National Security

Senators 'More Troubled' After Meeting With Rice

  • Playlist
  • Download
  • Embed
    <iframe src="" width="100%" height="290" frameborder="0" scrolling="no" title="NPR embedded audio player">
  • Transcript

U.N. Ambassador Susan Rice, touted as a possible successor to Secretary of State Hillary Clinton, went to Capitol Hill on Tuesday to meet with a small group of Republican Senate critics. They are unhappy with comments Rice made on TV shortly after the Sept. 11 attack on the U.S. consulate in Benghazi, Libya, where the ambassador and three others died. They say she incorrectly characterized the violence as a response to an anti-Islam video. After the closed-door meeting, the senators said they were more troubled than ever, and one promised to block her potential nomination. But it's unclear whether their views are gaining momentum.


U.N. Ambassador Susan Rice met today behind closed doors with three Republican senators who are among her harshest critics. The senators are unhappy with comments that Rice made after the September 11th attack on the U.S. consulate in Benghazi, Libya. That attack resulted in the death of U.S. Ambassador Chris Stevens and three other Americans.

After today's meeting, the senators say they're more troubled than ever. NPR's Brian Naylor reports.

BRIAN NAYLOR, BYLINE: The senators met with Rice at the U.N. ambassador's request. She's been in the Republicans' crosshairs since appearing on a number of Sunday TV talk shows five days after the Benghazi attack. In those appearances, she said the violence was in response to an anti-Islam video, rather than being a terrorist attack. Speaking with reporters after the 90-minute session with Rice today, Arizona Senator John McCain said he was not mollified by the meeting, which also included the acting CIA director, Michael Morell.

SENATOR JOHN MCCAIN: We are significantly troubled by many of the answers that we got and some that we didn't get.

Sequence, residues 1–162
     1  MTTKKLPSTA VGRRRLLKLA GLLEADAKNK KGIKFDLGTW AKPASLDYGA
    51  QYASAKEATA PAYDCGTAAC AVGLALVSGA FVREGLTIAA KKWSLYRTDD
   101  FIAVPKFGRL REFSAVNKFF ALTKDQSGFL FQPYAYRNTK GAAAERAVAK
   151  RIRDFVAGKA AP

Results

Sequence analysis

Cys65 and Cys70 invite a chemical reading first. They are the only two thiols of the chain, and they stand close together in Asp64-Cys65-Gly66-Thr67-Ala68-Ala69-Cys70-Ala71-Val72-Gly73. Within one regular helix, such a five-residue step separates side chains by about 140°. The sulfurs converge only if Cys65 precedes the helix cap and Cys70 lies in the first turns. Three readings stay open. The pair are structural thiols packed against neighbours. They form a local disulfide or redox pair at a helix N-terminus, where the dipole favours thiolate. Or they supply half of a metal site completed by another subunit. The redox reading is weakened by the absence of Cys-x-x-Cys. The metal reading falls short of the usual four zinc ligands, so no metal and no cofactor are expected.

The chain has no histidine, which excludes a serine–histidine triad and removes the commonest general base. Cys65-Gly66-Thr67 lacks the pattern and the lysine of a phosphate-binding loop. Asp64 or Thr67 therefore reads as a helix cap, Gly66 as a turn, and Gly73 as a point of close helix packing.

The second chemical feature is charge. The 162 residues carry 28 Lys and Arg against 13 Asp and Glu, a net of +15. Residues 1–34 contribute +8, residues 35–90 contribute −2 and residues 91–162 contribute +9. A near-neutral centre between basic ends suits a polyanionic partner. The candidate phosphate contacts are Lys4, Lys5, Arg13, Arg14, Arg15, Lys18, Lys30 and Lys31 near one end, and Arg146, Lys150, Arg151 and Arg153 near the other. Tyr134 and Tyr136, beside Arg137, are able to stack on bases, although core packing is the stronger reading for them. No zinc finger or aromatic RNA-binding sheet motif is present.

NAYLOR: South Carolina Republican Lindsey Graham said he has similar concerns.

SENATOR LINDSEY GRAHAM: Bottom line, I'm more disturbed now than I was before that the 16th September explanation about how four Americans died in Benghazi, Libya, by Ambassador Rice, I think, does not do justice to the reality at the time and in hindsight clearly was completely wrong.

NAYLOR: As U.N. ambassador, Rice had no direct involvement in security at the Benghazi consulate and has said she relied on CIA-drafted talking points when she made the rounds of the Sunday morning shows. Rice is thought to be a potential nominee for secretary of state when Hillary Clinton steps down as expected. The other senator attending this morning's session with Rice was New Hampshire Republican Kelly Ayotte, who also pronounced herself more troubled after the meeting.

SENATOR KELLY AYOTTE: Clearly, the impression that was given, the information given to the American people was wrong. In fact, Ambassador Rice said today absolutely it was wrong.

NAYLOR: And in a statement today, Rice said the talking points provided by the intelligence community and the initial assessment upon which they were based were incorrect in a key respect: there was no protest or demonstration in Benghazi. The statement continues: Neither I nor anyone else in the administration intended to mislead the American people. What this means for a possible Rice nomination is unclear. Graham said he would place a hold on the nomination of anyone involved in Benghazi. But it's uncertain how widespread that sentiment is among Senate Republicans. At the White House, spokesman Jay Carney called the Republicans' continued focus on the matter an obsession. Brian Naylor, NPR News, Washington.

Copyright © 2012 NPR. All rights reserved. Visit our website terms of use and permissions pages at for further information.

NPR transcripts are created on a rush deadline by a contractor for NPR, and accuracy and availability may vary. This text may not be in its final form and may be updated or revised in the future. Please be aware that the authoritative record of NPR’s programming is the audio.



Please keep your community civil. All comments must follow the Community rules and terms of use, and will be moderated prior to posting. NPR reserves the right to use the comments we receive, in whole or in part, and to use the commenter's name and location, in any medium. See also the Terms of Use, Privacy Policy and Community FAQ.

NPR thanks our sponsors

Become an NPR sponsor

Support comes from